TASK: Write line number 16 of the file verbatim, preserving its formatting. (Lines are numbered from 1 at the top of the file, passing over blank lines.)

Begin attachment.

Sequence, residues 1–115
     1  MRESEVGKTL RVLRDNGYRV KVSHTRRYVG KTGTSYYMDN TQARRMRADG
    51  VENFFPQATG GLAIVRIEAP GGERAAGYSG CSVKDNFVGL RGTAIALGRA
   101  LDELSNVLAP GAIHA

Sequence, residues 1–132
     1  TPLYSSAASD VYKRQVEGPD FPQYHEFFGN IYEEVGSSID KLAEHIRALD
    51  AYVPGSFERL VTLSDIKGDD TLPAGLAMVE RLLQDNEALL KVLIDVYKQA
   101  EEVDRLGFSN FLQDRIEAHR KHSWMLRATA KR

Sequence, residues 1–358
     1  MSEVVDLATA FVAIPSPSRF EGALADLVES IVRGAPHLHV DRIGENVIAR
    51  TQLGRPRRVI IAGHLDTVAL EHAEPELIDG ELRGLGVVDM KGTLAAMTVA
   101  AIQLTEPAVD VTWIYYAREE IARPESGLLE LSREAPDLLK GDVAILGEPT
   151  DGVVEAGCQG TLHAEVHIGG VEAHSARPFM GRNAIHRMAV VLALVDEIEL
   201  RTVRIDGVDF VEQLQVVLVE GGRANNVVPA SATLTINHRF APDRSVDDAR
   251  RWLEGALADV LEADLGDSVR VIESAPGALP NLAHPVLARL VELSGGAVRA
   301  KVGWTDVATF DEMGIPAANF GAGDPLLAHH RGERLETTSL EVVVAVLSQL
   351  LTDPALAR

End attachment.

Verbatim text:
   301  KVGWTDVATF DEMGIPAANF GAGDPLLAHH RGERLETTSL EVVVAVLSQL